WALPOLE — A group of students is protesting the administration’s proposal for more security cameras at Walpole High School, saying they’re unnecessary, too expensive, and an invasion of privacy.
Calling themselves Students Opposing Surveillance, or SOS, the teens are circulating petitions — they had collected about 500 signatures as of early this week — and have met with the School Committee and school officials to argue their case.
The cameras proposed for the high school hallways are “an unwarranted invasion of our privacy in a place that is supposed to be a supportive environment of learning; it creates a feeling of distrust between the students and the administrators,” said senior Sean Herlihy, who helped organize the protest campaign.
The students’ opposition is bucking the trend, both locally and nationally, in favor of putting more cameras in schools. More than 60 percent of public schools reported using security cameras in 2010, according to the National Center for Education Statistics. Less than 20 percent used cameras in 2000, the center reported.
“Cameras are becoming more and more a part of campus supervision and management, whether we like it or not,” said Ronald Stephens, executive director of the National School Safety Center in California. “They can be a very effective tool, especially for issues of vandalism and violence.
‘There is that fine line between supervision and snoopervision. Schools need to do their homework [and] let students know how and why they’re doing it.’
“There is that fine line between supervision and snoopervision,” he added. “Schools need to do their homework [and] let students know how and why they’re doing it, how the information is used, and how it’s in the interest of the students’ safety and their property.”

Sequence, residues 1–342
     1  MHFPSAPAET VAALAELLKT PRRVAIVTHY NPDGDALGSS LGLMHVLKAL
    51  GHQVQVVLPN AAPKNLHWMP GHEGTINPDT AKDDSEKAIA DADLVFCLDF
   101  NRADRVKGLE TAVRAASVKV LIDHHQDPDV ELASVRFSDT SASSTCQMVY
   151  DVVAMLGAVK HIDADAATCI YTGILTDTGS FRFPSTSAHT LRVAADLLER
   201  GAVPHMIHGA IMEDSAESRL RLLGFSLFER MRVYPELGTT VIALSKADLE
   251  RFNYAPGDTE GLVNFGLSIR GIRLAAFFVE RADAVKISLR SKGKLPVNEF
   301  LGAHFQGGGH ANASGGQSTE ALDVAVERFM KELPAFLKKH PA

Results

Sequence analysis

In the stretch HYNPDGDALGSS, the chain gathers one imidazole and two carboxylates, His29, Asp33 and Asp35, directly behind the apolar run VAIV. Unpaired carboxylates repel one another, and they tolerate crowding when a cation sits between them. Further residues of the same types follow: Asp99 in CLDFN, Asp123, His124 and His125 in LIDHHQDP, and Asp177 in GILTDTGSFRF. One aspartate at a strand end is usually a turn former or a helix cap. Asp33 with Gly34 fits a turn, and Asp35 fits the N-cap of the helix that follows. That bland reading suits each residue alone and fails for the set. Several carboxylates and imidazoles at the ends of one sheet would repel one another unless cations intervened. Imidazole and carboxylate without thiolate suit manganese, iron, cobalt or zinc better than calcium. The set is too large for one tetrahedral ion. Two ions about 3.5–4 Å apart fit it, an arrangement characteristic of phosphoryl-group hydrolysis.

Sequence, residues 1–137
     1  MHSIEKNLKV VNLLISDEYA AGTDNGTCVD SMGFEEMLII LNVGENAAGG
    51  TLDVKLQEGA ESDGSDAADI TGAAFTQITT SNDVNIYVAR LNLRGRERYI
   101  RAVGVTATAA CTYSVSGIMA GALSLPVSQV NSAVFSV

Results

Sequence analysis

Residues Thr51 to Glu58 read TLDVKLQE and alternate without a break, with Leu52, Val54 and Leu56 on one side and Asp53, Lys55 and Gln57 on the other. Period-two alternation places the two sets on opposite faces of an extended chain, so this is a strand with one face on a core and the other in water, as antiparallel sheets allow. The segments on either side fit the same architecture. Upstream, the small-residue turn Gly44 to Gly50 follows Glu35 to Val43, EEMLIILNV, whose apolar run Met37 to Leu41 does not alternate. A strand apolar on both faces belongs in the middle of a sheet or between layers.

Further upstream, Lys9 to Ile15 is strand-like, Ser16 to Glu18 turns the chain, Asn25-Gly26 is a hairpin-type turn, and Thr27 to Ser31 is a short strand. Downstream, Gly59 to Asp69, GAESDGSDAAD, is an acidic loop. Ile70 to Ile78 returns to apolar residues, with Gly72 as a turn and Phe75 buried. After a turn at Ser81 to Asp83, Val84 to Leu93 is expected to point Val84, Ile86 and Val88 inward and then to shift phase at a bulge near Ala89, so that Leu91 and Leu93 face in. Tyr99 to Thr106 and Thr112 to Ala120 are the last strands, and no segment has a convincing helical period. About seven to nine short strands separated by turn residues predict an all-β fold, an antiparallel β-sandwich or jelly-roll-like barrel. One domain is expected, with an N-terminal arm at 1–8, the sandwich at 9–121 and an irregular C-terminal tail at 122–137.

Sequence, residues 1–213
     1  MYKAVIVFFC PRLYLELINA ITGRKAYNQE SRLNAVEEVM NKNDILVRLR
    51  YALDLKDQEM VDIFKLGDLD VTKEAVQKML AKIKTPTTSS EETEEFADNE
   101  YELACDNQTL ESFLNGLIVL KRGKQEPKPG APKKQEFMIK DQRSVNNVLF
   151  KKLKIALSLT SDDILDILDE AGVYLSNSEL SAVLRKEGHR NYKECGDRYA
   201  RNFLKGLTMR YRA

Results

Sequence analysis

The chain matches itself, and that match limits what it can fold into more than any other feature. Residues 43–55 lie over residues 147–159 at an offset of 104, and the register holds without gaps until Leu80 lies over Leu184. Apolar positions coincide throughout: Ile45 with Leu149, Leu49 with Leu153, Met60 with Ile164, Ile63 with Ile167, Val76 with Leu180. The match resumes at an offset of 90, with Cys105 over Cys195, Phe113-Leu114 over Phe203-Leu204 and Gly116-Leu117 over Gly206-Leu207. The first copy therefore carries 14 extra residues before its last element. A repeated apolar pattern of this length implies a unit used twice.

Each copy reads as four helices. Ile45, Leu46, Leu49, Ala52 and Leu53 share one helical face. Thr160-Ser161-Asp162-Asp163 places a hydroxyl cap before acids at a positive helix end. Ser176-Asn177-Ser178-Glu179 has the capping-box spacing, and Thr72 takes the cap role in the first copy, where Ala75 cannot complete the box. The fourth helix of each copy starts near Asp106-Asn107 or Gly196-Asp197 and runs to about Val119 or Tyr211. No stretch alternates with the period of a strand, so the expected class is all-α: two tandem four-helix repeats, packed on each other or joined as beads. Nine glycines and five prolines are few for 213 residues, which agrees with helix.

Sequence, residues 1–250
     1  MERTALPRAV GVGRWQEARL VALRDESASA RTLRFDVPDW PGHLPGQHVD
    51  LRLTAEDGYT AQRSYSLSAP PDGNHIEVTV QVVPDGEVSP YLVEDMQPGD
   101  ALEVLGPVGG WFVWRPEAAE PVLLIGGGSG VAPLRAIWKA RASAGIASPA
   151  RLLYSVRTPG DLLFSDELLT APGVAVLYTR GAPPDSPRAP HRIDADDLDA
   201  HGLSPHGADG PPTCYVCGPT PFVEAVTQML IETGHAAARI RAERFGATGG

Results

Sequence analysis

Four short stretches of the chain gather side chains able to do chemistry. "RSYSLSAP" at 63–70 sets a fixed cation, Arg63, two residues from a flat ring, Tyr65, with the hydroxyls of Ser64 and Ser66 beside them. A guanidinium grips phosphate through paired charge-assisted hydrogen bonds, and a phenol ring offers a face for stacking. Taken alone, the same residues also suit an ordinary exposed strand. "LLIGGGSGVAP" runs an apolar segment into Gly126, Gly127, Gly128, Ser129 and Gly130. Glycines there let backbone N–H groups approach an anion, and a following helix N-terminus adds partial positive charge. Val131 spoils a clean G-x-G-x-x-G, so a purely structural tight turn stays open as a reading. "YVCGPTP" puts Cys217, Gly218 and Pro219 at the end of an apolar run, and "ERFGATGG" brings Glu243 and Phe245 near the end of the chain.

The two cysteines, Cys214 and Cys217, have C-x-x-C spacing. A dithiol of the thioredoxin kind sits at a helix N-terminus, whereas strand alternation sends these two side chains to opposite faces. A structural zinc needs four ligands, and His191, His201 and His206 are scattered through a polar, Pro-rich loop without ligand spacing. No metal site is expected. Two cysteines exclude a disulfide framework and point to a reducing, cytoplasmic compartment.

In Walpole, Herlihy and other SOS leaders argue that the estimated $37,000 cost for 18 digital cameras would be better spent elsewhere in the schools or town. And, while they recognize that adults want to protect them — especially after the horrific school shooting in Newtown, Conn. — they say more cameras aren’t the answer.
“These cameras will not stop bullets from flying [or] put Kevlar in front of the students,” said Jon Kelland, a junior at Walpole High.
Massachusetts doesn’t keep track of how many schools have security cameras, nor does it have a policy for their use, according to JC Considine of the state Department of Elementary and Secondary Education. But an informal survey of schools south of Boston found most have cameras — some in large numbers.
Weymouth High School, for example, has 225 cameras inside and outside the rambling building, according to Assistant Superintendent Matthew Ferron. As in the vast majority of other districts, all 12 schools in Weymouth also have cameras at their locked front doors, he said.
There are hundreds of cameras in Plymouth’s 14 schools, as well, with close to 90 at the newest building, Plymouth North High School, said Superintendent Gary Maestas. More are planned, he said.